It’s normal for your blood pressure to fluctuate within the day, especially if you’re doing strenuous activities like working out. However, if it is consistently high even if you’re not doing much physical activities, it can cause your heart to work extra hard and damage the arteries which can cause problems like heart disease and stroke, the two leading causes of death in the U.S.
High blood pressure, also known as hypertension, usually has no symptoms, but you can get your blood pressure measured in order to check. It is very common with almost half of the adult population in the United States having it. Thankfully, this can be managed by medication and a few dietary and lifestyle changes.
Herbs and Spices That Help Lower Blood Pressure
Although the herbs and spices listed below are backed by science, they are not meant to be treated as a miracle cure for hypertension. Instead, incorporate them into your diet on a long term basis.
Garlic has many beneficial properties especially concerning cardiovascular health. In fact, aged garlic extract has been found to be as effective as anti-hypertensive medications. It reduces stiffness in the arteries and cholesterol levels as well as thins the blood. It also has prebiotic properties which have been linked to potentially lowering blood pressure.
Thyme has been used in folk medicine for various diseases including hypertension, and studies have backed up its effectiveness in lowering blood pressure. It also significantly increases good cholesterol while decreasing bad cholesterol which can build up in your arteries. Its main compound, rosmarinic acid, lowers blood pressure by preventing blood vessels from narrowing.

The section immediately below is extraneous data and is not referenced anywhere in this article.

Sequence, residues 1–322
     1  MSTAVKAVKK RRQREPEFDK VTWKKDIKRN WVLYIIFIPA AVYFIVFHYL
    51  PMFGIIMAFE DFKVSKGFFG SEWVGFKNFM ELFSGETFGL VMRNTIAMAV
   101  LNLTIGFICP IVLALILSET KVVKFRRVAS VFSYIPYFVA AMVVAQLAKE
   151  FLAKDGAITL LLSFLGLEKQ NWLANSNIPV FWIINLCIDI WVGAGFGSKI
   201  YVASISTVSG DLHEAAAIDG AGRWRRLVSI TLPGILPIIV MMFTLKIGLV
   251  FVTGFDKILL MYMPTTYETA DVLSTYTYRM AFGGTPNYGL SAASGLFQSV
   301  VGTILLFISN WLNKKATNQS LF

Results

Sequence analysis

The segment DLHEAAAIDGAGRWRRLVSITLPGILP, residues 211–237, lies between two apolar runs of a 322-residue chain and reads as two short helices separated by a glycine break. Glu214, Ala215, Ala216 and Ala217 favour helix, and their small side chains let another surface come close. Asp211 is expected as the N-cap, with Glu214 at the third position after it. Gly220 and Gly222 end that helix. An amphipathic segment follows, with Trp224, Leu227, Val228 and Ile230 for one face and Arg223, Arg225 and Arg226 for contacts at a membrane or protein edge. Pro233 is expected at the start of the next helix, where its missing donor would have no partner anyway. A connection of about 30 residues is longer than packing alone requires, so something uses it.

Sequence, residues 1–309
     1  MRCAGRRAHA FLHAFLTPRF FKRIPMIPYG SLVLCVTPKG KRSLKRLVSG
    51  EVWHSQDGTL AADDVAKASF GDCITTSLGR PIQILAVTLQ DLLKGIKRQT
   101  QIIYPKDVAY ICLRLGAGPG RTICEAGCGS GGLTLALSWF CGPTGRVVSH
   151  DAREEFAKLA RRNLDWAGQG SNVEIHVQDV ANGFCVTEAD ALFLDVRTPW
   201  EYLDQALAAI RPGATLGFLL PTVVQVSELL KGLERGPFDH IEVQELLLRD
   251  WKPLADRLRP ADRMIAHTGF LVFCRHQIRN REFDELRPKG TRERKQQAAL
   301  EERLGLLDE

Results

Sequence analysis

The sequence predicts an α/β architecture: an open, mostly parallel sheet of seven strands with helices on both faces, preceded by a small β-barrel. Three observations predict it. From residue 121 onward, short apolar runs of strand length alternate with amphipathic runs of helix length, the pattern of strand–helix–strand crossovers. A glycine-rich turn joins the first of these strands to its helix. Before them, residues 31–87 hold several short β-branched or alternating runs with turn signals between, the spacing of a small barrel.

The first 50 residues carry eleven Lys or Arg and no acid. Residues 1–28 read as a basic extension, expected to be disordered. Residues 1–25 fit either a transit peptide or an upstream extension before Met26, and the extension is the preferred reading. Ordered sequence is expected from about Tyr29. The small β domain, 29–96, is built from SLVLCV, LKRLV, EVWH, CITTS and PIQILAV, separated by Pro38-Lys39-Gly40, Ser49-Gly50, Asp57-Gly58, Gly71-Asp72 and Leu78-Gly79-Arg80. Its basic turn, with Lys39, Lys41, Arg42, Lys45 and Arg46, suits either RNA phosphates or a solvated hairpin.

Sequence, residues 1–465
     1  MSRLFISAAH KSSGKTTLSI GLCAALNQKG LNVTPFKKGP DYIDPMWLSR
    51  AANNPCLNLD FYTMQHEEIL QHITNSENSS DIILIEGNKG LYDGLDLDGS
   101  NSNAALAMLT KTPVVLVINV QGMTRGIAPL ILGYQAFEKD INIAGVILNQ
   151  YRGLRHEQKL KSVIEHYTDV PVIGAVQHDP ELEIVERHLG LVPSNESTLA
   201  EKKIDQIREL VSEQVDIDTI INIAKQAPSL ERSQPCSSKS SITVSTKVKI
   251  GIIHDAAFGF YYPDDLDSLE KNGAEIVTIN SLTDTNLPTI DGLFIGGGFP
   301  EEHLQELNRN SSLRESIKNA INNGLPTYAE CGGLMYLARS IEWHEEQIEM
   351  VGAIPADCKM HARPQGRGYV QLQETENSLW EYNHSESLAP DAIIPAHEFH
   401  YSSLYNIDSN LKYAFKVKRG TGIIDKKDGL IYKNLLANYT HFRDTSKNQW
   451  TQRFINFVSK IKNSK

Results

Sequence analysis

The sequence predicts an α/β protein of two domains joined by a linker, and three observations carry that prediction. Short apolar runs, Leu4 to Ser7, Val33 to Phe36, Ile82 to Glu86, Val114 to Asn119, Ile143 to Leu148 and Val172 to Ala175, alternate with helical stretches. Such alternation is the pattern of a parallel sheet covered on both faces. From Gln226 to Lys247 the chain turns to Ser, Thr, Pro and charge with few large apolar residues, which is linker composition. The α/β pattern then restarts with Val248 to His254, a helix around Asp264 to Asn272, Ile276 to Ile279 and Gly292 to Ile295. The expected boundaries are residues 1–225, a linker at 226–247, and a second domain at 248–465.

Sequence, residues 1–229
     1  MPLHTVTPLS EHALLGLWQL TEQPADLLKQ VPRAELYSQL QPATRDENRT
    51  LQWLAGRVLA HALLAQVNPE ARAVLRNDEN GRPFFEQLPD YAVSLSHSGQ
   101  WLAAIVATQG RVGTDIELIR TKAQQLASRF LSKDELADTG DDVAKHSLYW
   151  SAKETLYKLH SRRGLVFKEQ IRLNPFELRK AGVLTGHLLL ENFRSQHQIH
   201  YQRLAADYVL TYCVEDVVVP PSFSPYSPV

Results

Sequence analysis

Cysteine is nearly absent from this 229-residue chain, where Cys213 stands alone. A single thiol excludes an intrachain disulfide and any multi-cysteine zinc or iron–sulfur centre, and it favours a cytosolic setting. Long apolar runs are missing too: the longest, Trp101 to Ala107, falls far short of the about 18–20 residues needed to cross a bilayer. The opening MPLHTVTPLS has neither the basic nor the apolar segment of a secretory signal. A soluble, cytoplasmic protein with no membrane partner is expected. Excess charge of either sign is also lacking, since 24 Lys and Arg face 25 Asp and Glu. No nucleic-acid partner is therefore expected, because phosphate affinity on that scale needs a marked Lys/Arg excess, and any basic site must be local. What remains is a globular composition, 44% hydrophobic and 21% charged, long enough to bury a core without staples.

Managing high blood pressure can be done in two ways: medication and lifestyle changes. Some can do it with lifestyle changes alone. However, the two go hand in hand as your medication won’t work well if you don’t make lifestyle changes. In fact, preventive cardiologist Luke Laffin, MD quotes “blood pressure management is often 70% lifestyle and 30% medications.”
Studies show that physical activity reduces the risk of hypertension. It helps train the heart to be more efficient at pumping blood. For adults, the American Heart Association recommends getting at least 150 minutes of moderate aerobic activity or 75 minutes of vigorous aerobic activity per week as well as incorporating muscle-strengthening activity at least 2 days per week.
If you are just starting, don’t worry about hitting all the numbers right away. The important thing is to start moving and eventually work your way up to the recommended level of physical activity. A general goal is at least 30 minutes of moderate physical activity every day but you can break that up into shorter bouts of activity throughout the day.
Lessen Salt Intake
You can cut back on sodium by avoiding processed food, food high in sodium content like cheese, seafood, and olives, and switching out table salt for other herbs and spices when seasoning your food. When eating out, familiarize yourself with low-sodium food and look for them on the menu. You can also ask for your dish to be prepared without salt.